Write a letter. Change a life.
Our virtual Write for Rights event is just a couple of days away. The registration page is here. As we near December 10, International Human Rights Day, I’m focusing on each of the seven Write for Rights cases. Today, I’ll focus on Nassima al-Sada, a human rights defender in Saudi Arabia.
Nassima al-Sada has spent years defending human rights (and particularly women’s rights) as a columnist and human rights advocate in Saudi Arabia. She took part in efforts to combat violence against women, to end the male guardianship requirement and to grant women the right to drive. However, despite its avowed interest in promoting women’s rights, the Saudi government cracked down on women’s rights activists from 2018 to 2019, and detained Nassima al-Sada sometime in late July or early August 2018 because of her advocacy. She has been unjustly imprisoned ever since. This has included a year spent in solitary confinement. Conditions can be brutal for detained female activists. News outlets have reported cases of torture and at least one instance of sexual assault.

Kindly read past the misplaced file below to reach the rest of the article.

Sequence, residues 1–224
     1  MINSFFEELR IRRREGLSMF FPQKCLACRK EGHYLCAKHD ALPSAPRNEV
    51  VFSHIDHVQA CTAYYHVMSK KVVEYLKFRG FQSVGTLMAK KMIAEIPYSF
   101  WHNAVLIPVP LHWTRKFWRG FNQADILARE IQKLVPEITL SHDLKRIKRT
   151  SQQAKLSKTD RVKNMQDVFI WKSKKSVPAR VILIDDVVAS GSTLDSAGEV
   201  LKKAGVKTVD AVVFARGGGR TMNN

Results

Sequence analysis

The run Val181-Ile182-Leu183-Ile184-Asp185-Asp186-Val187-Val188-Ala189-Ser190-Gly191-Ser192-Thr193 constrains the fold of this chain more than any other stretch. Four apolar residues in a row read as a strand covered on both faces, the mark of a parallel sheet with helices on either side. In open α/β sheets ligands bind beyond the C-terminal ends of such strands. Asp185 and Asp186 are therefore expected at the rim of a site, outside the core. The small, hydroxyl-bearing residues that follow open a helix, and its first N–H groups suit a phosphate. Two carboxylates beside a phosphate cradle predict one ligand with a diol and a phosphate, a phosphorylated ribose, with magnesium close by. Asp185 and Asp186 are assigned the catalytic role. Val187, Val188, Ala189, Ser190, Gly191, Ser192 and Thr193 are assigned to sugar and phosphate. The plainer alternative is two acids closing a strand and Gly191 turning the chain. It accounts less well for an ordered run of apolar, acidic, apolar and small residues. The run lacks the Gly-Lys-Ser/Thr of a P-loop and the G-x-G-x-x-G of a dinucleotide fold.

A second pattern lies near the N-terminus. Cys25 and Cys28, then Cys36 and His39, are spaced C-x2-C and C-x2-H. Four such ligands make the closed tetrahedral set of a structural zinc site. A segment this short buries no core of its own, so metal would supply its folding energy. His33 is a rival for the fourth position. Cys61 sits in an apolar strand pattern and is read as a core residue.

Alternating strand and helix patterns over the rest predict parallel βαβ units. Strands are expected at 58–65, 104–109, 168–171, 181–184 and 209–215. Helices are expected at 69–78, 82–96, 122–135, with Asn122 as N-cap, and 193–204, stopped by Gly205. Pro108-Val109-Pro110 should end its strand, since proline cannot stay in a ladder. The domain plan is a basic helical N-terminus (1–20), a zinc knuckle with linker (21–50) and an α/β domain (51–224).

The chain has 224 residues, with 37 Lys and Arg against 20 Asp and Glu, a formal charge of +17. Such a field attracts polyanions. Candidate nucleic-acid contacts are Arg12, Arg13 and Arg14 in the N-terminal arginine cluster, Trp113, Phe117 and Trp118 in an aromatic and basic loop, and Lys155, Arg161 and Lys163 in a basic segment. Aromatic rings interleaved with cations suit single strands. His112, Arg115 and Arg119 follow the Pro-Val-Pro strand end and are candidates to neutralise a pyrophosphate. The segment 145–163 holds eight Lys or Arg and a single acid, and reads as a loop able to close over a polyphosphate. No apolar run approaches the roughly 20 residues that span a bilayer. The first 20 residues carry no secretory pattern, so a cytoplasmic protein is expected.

Ironically, a number of the injustices Nassima al-Sada fought against have since been at least partially addressed. Women now have the right to drive in Saudi Arabia; and there’s been a partial lifting of the male guardianship requirement for women over the age of 21. However, her continued imprisonment symbolizes the remaining divide between the Saudi government’s stated intentions for a more just society and its actual practices. Join us on December 10, Human Rights Day, as we write letters urging the Saudi government to follow through on its commitment to women’s rights by immediately and unconditionally releasing Nassima al-Sada and all other unjustly detained women human rights defenders.